The vast amount of feathers generated (>1 Mtons/a in Europe) in the poultry industry is an opportunity of upcycling by-product materials and improving sustainable practices. Feathers are potentially interesting materials as feed protein ingredients due to their high protein (>85 wt%) and cystine content (>7 wt%). However, due to their challenging recalcitrant nature, they have to be processed to make feather protein suitably digestible. The objective was to investigate the effects of temperature (120oC–160oC) and time (10, 30, and 60 min) in thermal pressure hydrolysis of feathers on availability for enzymatic hydrolysis (AEH) and cystine conservation. AEH is defined as degree of degradation of processed feather protein by two digestive enzymes pepsin and pancreatin (Boisen). The present study identified and assessed four temperature stages that take place during feather processing. The four temperature stages are 120oC–135oC, 140oC–155oC, > 160oC, and the cooling-down phase. The second stage has the greatest influence on AEH. As well as temperature, hydrolysis time is also an essential parameter that had a major impact in the second stage (140oC–155oC). Both temperature and time influence negatively cystine content and stability. The present study demonstrates for the first time the importance of four reaction stages during feather hydrolysis and the impact of four stages on AEH of the obtained products.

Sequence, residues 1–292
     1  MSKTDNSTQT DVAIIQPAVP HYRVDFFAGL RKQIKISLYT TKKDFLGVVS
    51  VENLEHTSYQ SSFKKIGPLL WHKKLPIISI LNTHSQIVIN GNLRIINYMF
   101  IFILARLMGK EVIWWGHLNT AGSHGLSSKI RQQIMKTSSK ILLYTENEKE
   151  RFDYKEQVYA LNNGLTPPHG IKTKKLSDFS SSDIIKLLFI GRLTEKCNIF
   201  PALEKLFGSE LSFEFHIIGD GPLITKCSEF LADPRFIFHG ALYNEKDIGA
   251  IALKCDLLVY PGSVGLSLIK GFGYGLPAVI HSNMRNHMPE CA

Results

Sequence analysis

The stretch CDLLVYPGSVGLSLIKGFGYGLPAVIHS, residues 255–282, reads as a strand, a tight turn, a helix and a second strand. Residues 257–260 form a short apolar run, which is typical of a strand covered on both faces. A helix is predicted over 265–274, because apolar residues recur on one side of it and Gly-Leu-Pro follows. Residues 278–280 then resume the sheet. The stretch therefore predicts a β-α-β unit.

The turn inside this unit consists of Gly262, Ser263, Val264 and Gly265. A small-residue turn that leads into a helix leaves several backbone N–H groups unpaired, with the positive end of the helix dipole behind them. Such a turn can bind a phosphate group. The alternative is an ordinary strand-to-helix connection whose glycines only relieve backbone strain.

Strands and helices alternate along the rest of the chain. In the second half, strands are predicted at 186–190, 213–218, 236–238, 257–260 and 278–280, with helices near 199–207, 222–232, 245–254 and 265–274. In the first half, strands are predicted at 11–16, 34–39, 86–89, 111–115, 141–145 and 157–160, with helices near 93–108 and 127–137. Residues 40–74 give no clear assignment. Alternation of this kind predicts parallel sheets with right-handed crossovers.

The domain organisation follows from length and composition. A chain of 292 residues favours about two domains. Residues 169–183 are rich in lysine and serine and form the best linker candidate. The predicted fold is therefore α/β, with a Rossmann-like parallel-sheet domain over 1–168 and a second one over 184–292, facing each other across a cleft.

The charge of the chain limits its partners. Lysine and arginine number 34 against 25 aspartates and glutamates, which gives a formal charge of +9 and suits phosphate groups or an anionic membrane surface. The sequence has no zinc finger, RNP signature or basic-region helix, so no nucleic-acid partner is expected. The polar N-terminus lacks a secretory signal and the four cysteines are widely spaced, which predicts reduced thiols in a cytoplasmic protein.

Bayesian tracer mixing models and isotope data elephant diet
    Vogel, Susanne Marieke ; Blumenthal, Scott A. ; Boer, Willem Frederik de; Masake, Moses ; Songhurst, Anna Catherine ; McCulloch, Graham ; Stronza, Amanda ; Henley, Michelle Deborah ; Coulson, Tim - \ 2020